Seaweed. Salty, surprising…. shots ?

So Seaweed, an often overlooked plant could be making waves in the cocktail world. Is use in cuisine of the far east is down to its savouriness. the property known as umami , is down to the high content of essential minerals such as Iron and Iodine as well as the complex nature of carbohydrates in seaweeds.

Seaweed is itself not a plant int he conventional sense, it can be thought of almost as a large structured algae colony. reasearch has payed limited interest in Seaweed, especially in Europe, however as algaes we’re some of the first plants to evolve they can tell us alot about evolution by comparing them to land dwelling plants.It is thought that because seaweed  found its niche so early on, it has become one of the most successful marine plants, and its very un-picky nature means it can be found across the world’s oceans.

From giant kelp forests in the open oceans to minuscule leafy slimes stuck under the piers and marinas of seaside towns these algaes have proliferated and proven their use. In the far east and less so here in Europe seaweeds have been used for cuisine as well as more technical applications. The ,mix of carbohydrates such as agarose which is used in biotechnology for gels which can separate strands of DNA. this can also be used in the manufacture of vegetarian jelly and other gels. Other cell wall components can be used to thicken sauces and play with food texture.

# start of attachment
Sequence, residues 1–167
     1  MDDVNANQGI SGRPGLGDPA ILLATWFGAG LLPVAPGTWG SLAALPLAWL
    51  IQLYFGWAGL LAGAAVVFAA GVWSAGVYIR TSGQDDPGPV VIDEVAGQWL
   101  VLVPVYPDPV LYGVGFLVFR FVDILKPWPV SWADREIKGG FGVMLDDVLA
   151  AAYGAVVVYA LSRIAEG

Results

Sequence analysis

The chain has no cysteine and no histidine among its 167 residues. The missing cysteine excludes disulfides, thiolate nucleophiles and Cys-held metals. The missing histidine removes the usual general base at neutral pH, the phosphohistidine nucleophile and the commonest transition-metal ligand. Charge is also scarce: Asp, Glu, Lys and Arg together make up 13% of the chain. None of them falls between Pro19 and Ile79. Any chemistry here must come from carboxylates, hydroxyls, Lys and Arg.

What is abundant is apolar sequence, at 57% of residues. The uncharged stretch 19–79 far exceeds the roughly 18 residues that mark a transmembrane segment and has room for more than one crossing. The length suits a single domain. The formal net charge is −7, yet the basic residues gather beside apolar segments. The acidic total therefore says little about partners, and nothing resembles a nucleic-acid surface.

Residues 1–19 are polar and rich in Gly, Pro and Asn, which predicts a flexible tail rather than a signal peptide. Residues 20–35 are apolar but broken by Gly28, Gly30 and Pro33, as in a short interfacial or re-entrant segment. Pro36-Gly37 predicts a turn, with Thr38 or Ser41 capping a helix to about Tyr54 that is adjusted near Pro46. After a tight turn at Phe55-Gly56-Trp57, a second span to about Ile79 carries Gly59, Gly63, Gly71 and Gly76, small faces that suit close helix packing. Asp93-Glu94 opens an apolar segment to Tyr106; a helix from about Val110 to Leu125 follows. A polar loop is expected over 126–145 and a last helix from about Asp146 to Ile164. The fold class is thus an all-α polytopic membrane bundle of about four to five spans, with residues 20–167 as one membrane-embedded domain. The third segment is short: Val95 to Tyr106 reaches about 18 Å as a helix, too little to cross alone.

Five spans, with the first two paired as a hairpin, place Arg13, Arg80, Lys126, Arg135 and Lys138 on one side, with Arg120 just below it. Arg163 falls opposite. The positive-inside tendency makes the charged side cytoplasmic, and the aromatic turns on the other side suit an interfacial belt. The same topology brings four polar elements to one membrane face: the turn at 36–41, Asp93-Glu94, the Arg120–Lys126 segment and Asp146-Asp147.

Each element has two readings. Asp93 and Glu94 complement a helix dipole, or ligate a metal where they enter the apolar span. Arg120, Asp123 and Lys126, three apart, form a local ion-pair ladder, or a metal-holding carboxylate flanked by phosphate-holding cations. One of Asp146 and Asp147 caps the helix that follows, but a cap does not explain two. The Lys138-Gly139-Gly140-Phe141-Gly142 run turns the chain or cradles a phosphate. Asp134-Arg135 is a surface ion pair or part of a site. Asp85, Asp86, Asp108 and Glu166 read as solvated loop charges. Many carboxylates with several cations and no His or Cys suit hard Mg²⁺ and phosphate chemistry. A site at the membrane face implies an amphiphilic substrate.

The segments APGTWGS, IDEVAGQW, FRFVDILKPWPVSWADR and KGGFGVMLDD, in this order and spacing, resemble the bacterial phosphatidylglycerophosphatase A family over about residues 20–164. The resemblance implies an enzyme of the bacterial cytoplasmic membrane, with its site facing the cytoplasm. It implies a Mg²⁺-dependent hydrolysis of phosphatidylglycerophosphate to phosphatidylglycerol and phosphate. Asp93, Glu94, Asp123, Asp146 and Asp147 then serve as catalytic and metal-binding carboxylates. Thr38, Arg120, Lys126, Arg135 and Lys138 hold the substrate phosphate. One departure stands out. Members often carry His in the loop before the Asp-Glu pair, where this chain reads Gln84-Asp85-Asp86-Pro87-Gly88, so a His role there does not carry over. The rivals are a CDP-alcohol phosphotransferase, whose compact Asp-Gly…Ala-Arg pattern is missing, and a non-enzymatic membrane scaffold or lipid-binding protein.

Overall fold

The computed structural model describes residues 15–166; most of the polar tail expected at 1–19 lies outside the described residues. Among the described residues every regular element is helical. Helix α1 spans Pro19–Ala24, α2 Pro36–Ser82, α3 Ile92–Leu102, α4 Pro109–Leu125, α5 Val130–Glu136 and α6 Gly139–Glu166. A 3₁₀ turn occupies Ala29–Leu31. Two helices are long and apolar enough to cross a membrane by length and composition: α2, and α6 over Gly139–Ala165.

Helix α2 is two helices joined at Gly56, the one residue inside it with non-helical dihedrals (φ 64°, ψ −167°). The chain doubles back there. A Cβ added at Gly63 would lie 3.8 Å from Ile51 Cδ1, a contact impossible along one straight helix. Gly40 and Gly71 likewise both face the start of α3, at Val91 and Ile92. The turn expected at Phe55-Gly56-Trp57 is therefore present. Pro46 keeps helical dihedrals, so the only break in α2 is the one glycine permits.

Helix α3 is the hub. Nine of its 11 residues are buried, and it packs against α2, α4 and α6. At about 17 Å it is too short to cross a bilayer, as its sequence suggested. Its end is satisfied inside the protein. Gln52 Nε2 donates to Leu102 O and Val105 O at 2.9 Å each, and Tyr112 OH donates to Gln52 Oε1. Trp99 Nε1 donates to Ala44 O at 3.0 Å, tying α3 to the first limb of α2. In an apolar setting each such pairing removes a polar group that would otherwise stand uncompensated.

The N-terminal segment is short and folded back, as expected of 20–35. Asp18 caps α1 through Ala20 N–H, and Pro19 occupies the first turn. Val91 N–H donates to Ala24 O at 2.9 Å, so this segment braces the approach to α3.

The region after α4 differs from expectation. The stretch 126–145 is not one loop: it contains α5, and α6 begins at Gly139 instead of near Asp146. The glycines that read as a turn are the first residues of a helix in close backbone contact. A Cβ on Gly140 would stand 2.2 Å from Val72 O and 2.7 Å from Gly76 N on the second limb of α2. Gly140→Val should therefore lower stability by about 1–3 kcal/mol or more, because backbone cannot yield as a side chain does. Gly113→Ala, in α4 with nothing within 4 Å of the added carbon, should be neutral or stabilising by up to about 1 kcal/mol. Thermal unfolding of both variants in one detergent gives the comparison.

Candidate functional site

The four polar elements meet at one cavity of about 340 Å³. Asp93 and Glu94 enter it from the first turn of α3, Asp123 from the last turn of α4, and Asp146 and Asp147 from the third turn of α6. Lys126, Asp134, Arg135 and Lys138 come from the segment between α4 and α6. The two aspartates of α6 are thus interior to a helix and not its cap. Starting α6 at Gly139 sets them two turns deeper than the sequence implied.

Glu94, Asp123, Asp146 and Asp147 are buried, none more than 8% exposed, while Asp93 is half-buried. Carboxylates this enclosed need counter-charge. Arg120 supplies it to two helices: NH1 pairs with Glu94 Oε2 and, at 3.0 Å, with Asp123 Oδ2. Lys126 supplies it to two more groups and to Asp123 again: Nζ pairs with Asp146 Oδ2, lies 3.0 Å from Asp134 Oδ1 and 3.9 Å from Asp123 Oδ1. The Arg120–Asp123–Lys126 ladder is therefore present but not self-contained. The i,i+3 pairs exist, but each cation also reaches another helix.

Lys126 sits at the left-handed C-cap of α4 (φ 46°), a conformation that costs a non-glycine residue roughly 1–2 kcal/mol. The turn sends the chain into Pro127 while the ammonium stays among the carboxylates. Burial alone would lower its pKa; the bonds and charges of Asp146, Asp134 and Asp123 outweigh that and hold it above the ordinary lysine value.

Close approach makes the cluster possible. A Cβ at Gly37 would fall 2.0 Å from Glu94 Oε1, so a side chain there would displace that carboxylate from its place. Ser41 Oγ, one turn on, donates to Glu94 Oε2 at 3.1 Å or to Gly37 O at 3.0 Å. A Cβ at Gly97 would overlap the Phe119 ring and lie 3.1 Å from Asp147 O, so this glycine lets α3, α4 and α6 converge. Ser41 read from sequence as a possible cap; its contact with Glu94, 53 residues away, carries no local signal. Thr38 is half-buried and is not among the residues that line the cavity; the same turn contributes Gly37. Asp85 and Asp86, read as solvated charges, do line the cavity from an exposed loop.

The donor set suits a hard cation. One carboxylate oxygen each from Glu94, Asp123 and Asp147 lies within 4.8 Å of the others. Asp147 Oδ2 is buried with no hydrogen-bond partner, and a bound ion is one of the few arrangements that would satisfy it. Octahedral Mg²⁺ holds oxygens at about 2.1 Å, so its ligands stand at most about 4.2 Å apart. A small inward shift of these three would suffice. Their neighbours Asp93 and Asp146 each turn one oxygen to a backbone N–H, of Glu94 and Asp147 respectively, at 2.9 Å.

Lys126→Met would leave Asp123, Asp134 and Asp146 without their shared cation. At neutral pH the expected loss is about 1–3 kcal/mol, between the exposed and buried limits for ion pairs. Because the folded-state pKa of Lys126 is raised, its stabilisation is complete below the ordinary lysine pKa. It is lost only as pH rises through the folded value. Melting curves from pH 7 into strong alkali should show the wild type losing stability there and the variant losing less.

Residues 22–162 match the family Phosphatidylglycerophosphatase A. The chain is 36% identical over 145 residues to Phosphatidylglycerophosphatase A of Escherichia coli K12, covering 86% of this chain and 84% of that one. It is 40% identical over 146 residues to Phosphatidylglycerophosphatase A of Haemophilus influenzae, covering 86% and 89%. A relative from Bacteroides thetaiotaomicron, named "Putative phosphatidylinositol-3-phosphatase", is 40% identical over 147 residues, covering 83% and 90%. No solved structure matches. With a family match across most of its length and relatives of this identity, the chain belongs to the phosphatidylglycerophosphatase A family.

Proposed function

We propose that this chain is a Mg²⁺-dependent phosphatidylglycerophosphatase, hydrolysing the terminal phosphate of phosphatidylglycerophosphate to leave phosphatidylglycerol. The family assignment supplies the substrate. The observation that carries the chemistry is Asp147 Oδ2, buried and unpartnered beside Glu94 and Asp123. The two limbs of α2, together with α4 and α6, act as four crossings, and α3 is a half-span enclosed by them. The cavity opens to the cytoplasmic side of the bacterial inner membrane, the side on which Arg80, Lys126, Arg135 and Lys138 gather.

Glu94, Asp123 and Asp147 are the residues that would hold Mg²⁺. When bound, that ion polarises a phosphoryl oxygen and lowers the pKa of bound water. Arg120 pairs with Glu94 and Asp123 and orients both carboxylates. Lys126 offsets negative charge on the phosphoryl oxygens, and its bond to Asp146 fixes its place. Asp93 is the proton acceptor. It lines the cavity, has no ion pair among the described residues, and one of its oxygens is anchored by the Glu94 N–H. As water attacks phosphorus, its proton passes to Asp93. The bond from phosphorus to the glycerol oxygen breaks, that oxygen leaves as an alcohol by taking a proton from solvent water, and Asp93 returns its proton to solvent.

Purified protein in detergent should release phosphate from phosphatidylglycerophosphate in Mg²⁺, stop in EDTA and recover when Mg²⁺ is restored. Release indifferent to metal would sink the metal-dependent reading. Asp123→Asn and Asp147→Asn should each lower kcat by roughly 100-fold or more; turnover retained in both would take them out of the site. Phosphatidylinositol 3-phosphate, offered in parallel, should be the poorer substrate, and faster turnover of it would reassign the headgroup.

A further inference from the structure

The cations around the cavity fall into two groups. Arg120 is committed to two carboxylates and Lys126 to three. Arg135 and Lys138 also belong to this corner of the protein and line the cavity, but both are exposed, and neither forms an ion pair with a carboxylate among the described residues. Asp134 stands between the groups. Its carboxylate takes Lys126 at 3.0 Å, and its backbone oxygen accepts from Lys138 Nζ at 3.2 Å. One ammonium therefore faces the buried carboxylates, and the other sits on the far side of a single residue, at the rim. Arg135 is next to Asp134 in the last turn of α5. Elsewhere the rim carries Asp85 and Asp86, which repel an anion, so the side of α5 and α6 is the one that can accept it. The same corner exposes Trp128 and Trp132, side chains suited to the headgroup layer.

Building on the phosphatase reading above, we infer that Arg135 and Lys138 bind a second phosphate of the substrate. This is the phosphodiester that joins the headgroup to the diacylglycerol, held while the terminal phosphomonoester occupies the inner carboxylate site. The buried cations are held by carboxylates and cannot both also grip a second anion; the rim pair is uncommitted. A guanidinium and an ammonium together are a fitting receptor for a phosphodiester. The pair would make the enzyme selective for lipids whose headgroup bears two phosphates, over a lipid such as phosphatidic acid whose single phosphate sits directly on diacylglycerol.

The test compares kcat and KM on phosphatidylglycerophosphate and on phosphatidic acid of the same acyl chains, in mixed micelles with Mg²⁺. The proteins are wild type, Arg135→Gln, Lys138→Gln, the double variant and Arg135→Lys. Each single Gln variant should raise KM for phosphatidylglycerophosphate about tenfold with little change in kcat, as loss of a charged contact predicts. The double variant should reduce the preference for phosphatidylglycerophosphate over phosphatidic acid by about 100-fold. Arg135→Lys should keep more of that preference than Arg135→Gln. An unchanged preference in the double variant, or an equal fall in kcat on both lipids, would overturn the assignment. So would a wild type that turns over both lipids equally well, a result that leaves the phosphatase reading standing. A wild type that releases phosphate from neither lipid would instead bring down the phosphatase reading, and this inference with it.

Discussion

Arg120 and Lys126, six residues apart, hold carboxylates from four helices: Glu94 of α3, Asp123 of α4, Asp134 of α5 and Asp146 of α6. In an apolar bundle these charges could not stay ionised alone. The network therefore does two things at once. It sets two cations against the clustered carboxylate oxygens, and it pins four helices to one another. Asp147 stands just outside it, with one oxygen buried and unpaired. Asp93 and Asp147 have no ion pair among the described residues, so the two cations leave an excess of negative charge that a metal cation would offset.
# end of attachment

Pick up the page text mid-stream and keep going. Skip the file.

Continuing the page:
By boiling the seaweed we can also unlock the more interesting flavours form the seaweed. the dry savouriness which is analogous to flavours such as Marmite and oysters can be used in cocktails too. One creation from Tony Conigliario, and the team at 69 Colebrooke row has been a Bloody Mary with seaweed garnish, this was based on dashi, a japanese seaweed based stock. Ice creams have also been creates with reportedly remarkably sophisticated combinations of flavours including dry and fragrant notes.

The complex sugars are also potentially very useful  for biofuel industries ass the large carbon chains are rich in energy which, if it can be efficiently digested may prove a valuable resource in low carbon technologies.

It just goes to show that even ugly plants are amazing, some of my colleagues have been slowly changing my opinions on plant sciences over the past few months, and I finally concede they have a point, plants really are interesting, and without them Life simply wouldnt exist.

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